Mr. Moore’s paintings, reproduced in prints and on merchandise, violated the university’s trademark rights, the suit said. It asked a federal judge to forbid him to, among other things, use the university’s “famous crimson and white color scheme.”
The University isn’t suing Moore because it doesn’t like how he paints their football team. The University is suing because Moore’s paintings are available on merchandise (calendars, coffee mugs, etc.), and the University — which has its own football-related calendars and mugs to sell — is hoping to wipe out a competitor.
I think this is censorship, both in the technical sense of the government (through the court system) shutting people up, and in the broader sense of unfair duress being used to shut people up. U of A football games are public events, and an important part of local culture; as an artist, Moore has every right to paint about football games. The U of Alabama owns their team franchise, but they don’t own Mr. Moore’s mind, or Mr. Moore’s paintbrush; if they want to protect themselves from the horror of artists painting what they see, they should stop allowing the public to view their games.
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Arguably, if the Court rules in the University’s favor, that will be viewpoint based regulation. ((Viewpoint based regulation is “The regulation of expression because of the particular opinion or position that expression supports or rejects. Viewpoint based regulations are unconstitutional.”)) If Moore had done critical paintings of the U of A football team — had he, for example, created paintings criticizing the football team (justly or unjustly) for racism, sexism and homophobia — then he would have been entitled to strong First Amendment protection. But because his paintings boost the team, rather than criticizing it, it’s quesitonable whether Moore’s protected by the first amendment.
This is true of all sorts of fan creations, not just sports paintings. Henry Jenkins writes:
One paradoxical result [of current copyright law] is that works that are hostile to the original creators and thus can be read more explicitly as making critiques of the source material may have greater freedom from copyright enforcement than works that embrace the ideas behind the original work and simply seek to extend them in new directions. A story where Harry and the other students rise up to overthrow Dumbledore because of his paternalistic policies is apt to be recognized by a judge as political speech and parody, whereas a work that imagines Ron and Hermione going on a date may be so close to the original that its status as criticism is less clear and is apt to be read as an infringement.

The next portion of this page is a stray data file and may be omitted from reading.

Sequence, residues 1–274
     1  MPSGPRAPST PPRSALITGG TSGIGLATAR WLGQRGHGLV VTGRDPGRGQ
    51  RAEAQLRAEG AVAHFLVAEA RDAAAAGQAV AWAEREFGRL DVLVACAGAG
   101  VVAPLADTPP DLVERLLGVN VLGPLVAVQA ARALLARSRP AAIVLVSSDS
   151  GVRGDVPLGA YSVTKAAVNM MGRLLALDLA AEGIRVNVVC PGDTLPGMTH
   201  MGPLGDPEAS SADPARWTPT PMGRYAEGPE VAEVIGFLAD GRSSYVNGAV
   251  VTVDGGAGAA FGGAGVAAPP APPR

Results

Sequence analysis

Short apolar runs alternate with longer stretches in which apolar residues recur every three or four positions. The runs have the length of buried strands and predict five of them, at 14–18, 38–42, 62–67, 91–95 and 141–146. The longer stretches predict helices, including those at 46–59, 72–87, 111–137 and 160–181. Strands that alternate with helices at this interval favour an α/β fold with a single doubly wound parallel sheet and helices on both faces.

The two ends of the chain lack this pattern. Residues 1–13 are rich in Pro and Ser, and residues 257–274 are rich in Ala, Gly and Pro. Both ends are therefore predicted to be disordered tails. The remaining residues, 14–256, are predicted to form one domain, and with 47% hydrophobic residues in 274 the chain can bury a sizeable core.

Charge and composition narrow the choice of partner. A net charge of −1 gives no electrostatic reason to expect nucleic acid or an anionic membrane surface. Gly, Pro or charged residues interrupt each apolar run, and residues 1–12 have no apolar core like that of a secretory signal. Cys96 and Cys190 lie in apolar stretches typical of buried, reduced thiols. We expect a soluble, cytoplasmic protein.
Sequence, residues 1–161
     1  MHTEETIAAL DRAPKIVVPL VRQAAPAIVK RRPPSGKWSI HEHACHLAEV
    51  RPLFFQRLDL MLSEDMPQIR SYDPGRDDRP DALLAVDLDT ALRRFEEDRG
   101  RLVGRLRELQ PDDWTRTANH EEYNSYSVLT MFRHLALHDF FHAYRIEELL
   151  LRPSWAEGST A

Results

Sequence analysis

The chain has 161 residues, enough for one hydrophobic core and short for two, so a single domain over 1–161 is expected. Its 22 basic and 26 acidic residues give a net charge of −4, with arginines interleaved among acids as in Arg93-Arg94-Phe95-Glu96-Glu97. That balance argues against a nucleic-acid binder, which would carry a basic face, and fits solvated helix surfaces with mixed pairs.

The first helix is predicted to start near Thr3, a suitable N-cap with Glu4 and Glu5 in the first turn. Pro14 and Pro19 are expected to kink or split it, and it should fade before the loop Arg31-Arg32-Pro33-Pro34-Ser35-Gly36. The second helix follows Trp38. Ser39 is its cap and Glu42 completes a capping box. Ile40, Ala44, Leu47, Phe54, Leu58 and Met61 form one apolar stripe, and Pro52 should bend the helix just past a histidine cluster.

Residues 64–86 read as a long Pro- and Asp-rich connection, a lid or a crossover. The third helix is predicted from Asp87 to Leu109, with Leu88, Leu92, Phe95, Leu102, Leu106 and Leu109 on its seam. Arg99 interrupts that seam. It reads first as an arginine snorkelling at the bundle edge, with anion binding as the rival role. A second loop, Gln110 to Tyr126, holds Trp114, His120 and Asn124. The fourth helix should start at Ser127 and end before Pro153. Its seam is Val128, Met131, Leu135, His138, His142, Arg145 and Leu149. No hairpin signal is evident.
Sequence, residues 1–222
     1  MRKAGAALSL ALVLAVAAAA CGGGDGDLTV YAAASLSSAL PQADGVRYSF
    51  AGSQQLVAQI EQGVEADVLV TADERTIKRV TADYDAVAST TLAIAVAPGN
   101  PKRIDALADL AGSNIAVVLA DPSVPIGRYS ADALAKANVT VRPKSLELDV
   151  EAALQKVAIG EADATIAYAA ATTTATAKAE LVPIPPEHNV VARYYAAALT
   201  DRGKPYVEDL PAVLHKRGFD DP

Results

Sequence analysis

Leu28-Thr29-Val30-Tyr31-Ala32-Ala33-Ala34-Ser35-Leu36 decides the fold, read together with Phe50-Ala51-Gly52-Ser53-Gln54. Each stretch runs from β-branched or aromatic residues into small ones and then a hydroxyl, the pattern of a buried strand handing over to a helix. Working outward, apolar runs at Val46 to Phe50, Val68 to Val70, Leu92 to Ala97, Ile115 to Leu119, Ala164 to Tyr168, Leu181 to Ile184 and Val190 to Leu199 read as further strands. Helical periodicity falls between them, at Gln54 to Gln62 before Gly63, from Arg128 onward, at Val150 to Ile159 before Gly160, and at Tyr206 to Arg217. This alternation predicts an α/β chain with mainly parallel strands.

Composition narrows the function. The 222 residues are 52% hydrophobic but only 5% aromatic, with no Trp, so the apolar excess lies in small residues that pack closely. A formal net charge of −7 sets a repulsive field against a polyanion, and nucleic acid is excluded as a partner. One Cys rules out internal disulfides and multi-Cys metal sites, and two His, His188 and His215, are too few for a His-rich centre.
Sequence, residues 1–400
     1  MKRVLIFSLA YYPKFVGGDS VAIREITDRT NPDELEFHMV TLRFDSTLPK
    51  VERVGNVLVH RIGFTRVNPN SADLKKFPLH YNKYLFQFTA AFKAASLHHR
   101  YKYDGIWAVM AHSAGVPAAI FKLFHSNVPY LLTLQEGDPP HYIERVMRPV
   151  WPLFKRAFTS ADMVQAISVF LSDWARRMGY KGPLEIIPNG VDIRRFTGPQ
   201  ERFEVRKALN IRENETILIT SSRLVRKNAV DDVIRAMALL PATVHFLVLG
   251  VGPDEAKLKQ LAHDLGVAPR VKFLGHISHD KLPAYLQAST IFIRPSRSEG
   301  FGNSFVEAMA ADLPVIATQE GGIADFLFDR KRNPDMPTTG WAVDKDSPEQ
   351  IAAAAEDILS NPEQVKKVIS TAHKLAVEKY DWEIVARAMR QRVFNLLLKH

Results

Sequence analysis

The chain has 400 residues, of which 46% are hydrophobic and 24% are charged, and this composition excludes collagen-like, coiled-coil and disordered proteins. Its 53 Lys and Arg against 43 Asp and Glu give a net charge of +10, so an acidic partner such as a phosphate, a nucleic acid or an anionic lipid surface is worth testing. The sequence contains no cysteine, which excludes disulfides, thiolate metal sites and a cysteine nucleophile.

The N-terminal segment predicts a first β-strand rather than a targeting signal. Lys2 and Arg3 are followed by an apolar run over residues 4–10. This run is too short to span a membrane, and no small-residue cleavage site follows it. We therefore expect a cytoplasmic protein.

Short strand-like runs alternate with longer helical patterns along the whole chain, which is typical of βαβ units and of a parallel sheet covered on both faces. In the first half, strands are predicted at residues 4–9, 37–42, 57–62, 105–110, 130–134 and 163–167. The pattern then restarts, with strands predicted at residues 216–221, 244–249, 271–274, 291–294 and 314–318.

[...] A key point here is that I regard all or at least most fan fiction to involve some form of criticism of the original texts upon which it is based — criticism as in interpretation and commentary if not necessary criticism as in negative statements made about them.
The public has a right — or it should have a right, anyway — to react to and interpret the culture surrounding us, including by making culture of our own in response. This has become especially important in the internet age. Before the net, fans still created “response art,” in zines and in APAs; but this art was for the most part hidden from the view of corporate legal departments.
Jenkins coins a phrase that I think should spread:”The public right to cultural participation.”
For me, the phrase, the public right to cultural participation is a key concept underlying the book’s discussion. If I had my way, the right to participate would become as important a legal doctrine for the 21st century as the right to privacy as been in the late 20th century. I argue elsewhere in the book that a right to participate might be abstracted from the combined rights listed in the First Amendment and the right to participate would include the right to respond meaningfully to core materials of your culture. In that sense, I might go beyond our current understanding of fair use.